When a top TV foodie calls one of your starters “historic” and hints that he’d consider moving to Wales just to be near your restaurant, you know you’re doing something right. For Jodie Haynes and her partner Jon Cox, buying and running a business for the first time has been an enjoyable rollercoaster ride, and one that now makes them proud owners of Swansea’s best restaurant according to popular review site Tripadvisor.

Truffle, on King Edward’s Road, is ranked number one on the site with a 5.0 rating (the maximum) based on more than 300 reviews which mainly laud the “imaginative, delicious food” and the “lovely atmosphere”. To get the latest What's On newsletters from WalesOnline, click here.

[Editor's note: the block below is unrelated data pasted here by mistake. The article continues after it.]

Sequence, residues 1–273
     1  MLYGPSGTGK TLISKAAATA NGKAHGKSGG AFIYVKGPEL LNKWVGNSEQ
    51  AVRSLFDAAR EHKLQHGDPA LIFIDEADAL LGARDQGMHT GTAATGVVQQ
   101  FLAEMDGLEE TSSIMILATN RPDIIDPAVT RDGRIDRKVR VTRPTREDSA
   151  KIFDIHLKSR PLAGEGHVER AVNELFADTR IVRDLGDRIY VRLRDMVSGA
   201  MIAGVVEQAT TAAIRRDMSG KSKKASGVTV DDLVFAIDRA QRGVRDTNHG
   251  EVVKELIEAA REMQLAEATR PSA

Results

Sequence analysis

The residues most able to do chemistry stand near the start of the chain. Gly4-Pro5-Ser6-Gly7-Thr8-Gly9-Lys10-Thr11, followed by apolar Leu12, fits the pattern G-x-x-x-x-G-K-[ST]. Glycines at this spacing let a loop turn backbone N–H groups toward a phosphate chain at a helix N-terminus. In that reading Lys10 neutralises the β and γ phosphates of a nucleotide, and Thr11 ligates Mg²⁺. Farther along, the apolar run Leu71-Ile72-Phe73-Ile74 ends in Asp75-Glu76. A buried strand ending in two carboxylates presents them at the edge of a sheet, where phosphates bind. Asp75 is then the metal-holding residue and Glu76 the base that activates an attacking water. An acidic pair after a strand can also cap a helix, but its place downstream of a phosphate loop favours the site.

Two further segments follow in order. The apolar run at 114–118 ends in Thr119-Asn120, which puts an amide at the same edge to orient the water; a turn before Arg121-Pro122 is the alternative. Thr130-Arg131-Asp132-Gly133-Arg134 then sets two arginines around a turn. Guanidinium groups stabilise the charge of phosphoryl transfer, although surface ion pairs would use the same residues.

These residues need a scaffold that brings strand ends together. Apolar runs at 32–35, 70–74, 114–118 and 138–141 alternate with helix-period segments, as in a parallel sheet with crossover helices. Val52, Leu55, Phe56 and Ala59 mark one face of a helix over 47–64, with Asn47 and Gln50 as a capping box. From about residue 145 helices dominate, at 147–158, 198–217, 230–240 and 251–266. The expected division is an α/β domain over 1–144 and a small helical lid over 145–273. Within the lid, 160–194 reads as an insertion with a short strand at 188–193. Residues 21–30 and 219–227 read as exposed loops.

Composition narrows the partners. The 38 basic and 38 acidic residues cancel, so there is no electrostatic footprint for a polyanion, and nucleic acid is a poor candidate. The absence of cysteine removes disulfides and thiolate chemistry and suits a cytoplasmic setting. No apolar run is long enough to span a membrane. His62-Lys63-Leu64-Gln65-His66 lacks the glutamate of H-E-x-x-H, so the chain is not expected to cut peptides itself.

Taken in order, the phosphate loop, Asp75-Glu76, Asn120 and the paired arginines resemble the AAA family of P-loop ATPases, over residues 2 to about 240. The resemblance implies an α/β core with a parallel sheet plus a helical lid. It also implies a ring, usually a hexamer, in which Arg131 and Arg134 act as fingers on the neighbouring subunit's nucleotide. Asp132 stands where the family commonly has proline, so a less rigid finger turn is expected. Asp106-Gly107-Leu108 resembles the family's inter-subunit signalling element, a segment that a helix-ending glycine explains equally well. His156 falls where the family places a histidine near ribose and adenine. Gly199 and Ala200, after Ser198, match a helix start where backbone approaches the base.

One review of Truffle that carries slightly more weight than others was written by TV personality Giles Coren, who has been a restaurant critic for The Times for the past two decades. “The vibe in the room is unbeatable,” he wrote. “My meatballs were absolutely historic,” he said, before adding that his son, who accompanied him to the restaurant, said that he’d like to live in Swansea, so impressed was he with his experience at Truffle.

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So what does it take to run a successful and thriving independent city restaurant in 2023, when there is so much competition from different food outlets and chain offerings, at a time when a cost of living crisis means people are looking after the pennies more intensely than at any time over the previous 15 years?